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From "Benedict (JIRA)" <>
Subject [jira] [Commented] (CASSANDRA-9708) Serialize ClusteringPrefixes in batches
Date Thu, 09 Jul 2015 19:41:04 GMT


Benedict commented on CASSANDRA-9708:

This ticket utilises the vint encoding, and by doing so ironically reduces the size of some
serializations so that they are < 9 bytes, triggering assertion errors stating we haven't
enough room to read vints. 

I've opted to fix this problem in this ticket, since it's the first cause of the issue, but
the approach warrants discussion. [~aweisberg]: your input would be welcome. I've opted to
simply extend the buffer to at least 9 bytes, since, on reading, we expect to always know
when we're done consuming an input (so having some extra bytes would not be a problem), and
by reading too much we cannot negatively impact anyone using the portion of the buffer we
extend into. This seems safe to me, but obviously if we ever depend on EOF for safe consumption
this will break things. I doubt this is something we would ever depend upon, though, since
it would be prone to corruption.

> Serialize ClusteringPrefixes in batches
> ---------------------------------------
>                 Key: CASSANDRA-9708
>                 URL:
>             Project: Cassandra
>          Issue Type: Sub-task
>          Components: Core
>            Reporter: Benedict
>            Assignee: Benedict
>             Fix For: 3.0.0 rc1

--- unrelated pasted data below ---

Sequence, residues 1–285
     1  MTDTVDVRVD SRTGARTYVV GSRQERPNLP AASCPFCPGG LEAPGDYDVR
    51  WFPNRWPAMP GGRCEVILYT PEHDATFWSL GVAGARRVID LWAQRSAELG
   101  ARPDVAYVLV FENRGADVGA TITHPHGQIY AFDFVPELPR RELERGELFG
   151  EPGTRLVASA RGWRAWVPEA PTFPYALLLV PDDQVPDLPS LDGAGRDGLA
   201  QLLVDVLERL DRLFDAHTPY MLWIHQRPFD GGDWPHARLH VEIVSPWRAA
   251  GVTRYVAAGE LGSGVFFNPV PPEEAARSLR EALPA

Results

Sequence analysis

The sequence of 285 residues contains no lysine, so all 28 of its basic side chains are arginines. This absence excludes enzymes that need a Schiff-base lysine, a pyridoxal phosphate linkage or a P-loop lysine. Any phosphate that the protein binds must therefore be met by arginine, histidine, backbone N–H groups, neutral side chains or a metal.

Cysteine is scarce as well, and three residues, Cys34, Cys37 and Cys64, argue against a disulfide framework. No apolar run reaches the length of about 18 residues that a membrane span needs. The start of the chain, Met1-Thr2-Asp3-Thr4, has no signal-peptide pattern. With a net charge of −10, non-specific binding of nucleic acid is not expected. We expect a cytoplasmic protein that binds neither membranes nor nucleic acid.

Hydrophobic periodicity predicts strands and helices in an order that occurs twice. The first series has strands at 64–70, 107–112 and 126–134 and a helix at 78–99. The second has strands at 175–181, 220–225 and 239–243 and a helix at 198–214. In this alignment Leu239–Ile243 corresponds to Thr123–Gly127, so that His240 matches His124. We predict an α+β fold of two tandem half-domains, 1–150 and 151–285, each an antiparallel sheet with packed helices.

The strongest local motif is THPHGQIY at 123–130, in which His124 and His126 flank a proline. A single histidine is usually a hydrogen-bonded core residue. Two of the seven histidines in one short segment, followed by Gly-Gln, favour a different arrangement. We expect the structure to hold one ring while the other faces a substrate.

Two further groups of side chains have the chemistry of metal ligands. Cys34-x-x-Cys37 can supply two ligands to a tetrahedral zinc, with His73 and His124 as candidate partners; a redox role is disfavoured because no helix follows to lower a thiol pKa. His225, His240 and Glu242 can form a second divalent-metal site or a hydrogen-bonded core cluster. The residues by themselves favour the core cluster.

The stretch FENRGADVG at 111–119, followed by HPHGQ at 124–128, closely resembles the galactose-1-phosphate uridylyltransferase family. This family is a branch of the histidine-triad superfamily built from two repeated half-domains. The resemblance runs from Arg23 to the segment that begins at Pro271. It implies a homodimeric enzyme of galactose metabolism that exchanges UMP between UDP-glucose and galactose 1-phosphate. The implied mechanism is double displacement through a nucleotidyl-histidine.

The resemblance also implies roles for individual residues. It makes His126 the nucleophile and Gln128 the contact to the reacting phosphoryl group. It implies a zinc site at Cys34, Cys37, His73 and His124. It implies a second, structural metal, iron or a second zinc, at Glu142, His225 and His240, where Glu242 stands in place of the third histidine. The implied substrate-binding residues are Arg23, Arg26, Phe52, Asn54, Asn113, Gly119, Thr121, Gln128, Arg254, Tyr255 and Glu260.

> Typically we will have very few clustering prefixes to serialize, however in theory they
are not constrained (or are they, just to a very large number?). Currently we encode a fat
header for all values up front (two bits per value), however those bits will typically be
zero, and typically we will have only a handful (perhaps 1 or 2) of values.
> This patch modifies the encoding to batch the prefixes in groups of up to 32, along with
a header that is vint encoded. Typically this will result in a single byte per batch, but
will consume up to 9 bytes if some of the values have their flags set. If we have more than
32 columns, we just read another header. This means we incur no garbage, and compress the
data on disk in many cases where we have more than 4 clustering components.
> I do wonder if we shouldn't impose a limit on clustering columns, though: If you have
more than a handful merge performance is going to disintegrate. 32 is probably well in excess
of what we should be seeing in the wild anyway.

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